Story by Benjamin Regan
Illustration by Ethan Lyons
The South Pasadena City Council voted to send ordinance 19A back to the staff for revision at their meeting on July 7, 2021. The ordinance would have entirely banned gas-powered leaf blowers in South Pasadena. However, lacking a plan for enforcement and potential penalties, the council members decided not to approve the ordinance by a vote of 5 to 1. The City Council will consider the revised ordinance on August 4, 2021.
The issue of gas-powered leaf blowers first found its way to the South Pasadena council agenda after their use was banned in all city parks in 2016. The American Green Zone Alliance (AGZA) estimated the ban would prevent 31 tons of pollutants from entering the local atmosphere each year. As climate change and pollution continue to plague our world, and more than 60,000 people die in the U.S. every year from the effects of air pollution, banning gas-powered leaf blowers is a small but effective step toward cleaner air and more protected community health.
Gas-powered leaf blowers emit carbon monoxide, nitrous oxide, and hydrocarbons which cause an array of environmental issues including contributions to smog formation and ground-level ozone. Gas-powered leaf blowers emit these dangerous chemicals at a high rate, estimated to release almost 300 times more hydrocarbons in an hour than a pickup truck driving 100 miles.
“As a state, as a country, we’re trying to move off of fossil fuels,” longtime South Pasadena resident Andrew Vogel said. “[If this ordinance] can be done fairly and economically I would definitely be in favor of it.”
The cumulative effects of being subjected to gas-powered leaf blowers range from dizziness, headaches, and asthma attacks, to increased likelihood of heart and lung disease, lung cancer, and dementia. All of these hazards lie right in backyards across South Pasadena. Gas-powered leaf blowers also contribute to noise pollution. The Centers for Disease Control (CDC) reports that noise pollution can lead to stress, difficulty sleeping, productivity loss, and headaches.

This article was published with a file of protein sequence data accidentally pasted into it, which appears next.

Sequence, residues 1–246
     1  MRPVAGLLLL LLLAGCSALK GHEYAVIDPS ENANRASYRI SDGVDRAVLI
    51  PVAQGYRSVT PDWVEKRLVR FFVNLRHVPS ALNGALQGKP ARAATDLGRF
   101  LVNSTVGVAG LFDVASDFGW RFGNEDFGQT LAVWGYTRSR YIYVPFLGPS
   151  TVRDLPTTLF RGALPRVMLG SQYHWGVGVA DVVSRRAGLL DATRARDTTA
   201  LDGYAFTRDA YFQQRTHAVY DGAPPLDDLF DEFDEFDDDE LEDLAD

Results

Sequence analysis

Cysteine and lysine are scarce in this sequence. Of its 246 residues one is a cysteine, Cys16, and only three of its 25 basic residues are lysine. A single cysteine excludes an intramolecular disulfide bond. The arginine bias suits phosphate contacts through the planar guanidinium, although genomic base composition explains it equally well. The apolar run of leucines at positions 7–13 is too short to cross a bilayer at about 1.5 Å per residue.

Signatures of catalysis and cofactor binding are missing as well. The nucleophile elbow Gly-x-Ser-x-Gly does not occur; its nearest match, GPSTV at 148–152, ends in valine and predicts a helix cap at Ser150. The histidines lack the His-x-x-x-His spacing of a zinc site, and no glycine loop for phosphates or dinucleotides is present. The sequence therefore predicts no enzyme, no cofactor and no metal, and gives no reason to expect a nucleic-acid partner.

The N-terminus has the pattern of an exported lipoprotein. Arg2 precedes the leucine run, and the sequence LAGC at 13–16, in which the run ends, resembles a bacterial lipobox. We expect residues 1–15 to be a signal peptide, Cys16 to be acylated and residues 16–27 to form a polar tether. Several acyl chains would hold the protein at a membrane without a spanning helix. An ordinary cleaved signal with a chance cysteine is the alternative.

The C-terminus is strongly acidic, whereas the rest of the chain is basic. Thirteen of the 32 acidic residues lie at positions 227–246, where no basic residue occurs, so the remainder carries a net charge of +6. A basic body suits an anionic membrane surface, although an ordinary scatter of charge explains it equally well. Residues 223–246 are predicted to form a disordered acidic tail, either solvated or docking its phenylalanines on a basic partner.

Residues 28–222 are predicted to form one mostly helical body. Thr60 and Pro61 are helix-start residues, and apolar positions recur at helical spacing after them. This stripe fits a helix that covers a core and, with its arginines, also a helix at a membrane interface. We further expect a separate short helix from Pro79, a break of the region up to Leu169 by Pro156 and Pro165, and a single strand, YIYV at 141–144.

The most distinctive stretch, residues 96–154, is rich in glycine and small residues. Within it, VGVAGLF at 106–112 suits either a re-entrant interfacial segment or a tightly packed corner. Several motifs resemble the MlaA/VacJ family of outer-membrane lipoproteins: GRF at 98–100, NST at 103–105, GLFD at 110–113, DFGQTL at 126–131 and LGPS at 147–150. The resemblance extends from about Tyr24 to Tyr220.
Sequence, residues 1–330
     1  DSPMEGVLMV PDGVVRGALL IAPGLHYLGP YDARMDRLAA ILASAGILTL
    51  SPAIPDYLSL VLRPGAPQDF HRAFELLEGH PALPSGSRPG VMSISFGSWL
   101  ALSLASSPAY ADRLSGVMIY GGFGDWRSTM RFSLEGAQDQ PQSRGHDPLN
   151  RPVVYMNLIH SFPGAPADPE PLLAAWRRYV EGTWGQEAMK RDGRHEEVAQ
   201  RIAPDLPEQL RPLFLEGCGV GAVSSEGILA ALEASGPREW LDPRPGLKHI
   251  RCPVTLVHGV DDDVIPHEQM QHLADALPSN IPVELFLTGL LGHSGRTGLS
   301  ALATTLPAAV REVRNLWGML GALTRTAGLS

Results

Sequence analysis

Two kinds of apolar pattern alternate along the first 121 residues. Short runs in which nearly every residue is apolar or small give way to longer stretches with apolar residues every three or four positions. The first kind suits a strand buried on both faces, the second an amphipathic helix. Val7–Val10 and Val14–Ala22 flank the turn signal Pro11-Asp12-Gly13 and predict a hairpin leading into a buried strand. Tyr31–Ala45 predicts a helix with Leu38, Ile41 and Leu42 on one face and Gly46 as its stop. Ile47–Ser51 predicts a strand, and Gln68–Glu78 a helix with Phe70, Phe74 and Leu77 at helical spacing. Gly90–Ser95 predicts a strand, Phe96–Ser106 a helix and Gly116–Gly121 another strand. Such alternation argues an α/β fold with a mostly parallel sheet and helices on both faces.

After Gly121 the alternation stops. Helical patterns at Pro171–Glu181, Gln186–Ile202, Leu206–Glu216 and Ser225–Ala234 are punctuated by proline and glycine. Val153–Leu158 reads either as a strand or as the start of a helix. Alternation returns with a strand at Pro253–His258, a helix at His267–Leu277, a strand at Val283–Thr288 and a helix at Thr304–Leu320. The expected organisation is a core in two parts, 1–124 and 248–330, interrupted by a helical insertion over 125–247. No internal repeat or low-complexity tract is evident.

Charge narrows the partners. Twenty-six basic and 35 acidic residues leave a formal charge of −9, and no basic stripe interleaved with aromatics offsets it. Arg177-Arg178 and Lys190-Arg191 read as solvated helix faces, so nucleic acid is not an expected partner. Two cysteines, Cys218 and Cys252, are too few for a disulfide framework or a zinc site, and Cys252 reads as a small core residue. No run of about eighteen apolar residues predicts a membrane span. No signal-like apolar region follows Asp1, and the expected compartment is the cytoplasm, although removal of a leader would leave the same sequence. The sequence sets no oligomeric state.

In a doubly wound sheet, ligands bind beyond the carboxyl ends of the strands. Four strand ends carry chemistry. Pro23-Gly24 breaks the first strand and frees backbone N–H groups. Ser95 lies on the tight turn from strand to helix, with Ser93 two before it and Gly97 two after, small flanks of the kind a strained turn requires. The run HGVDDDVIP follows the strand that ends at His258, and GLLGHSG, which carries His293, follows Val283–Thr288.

Despite the environmental benefits in banning gas-powered leaf blowers, there are some significant challenges that come with it, specifically in how it affects gardening companies and their workers. As it stood, the ordinance would have allowed anyone to call the police on gardeners using gas-powered leaf blowers, which is unacceptable. The police should not be used as the enforcement mechanism, given the long history of racist and brutal interactions from the police to communities of color. Gardeners shouldn’t be penalized, but rather the responsibility should fall on homeowners. Placing small fines on homeowners for the use of gas-powered leaf blowers is a sensible solution to the question of enforcement.
Another potential problem with the ban is the cost of electric leaf blowers to gardeners. To support small businesses and their employees, state and local agencies should provide full rebates. Currently, the Air Quality Management District (AQMD) has a 75% rebate offer for the cost of electric leaf blowers. Any additional costs to gardeners should be passed on to homeowners in the form of paying higher monthly bills.
“I’d certainly support it,” Vogel said. “We have gardeners and I’d definitely plan to pay a little bit more for the good of the city.”
Gardeners would also see the most environmental benefits from a gas-powered leaf blower ban, as they work in closest proximity to the pollution.
South Pasadena must make a long term investment in banning gas-powered leaf blowers to protect the health and quality of our community. Cities like Claremont and Lawndale realized this over 30 years ago and implemented bans on these harmful machines. South Pasadena should join them and more than 15 other cities in California in eliminating gas-powered leaf blowers and helping to ensure the health of our community.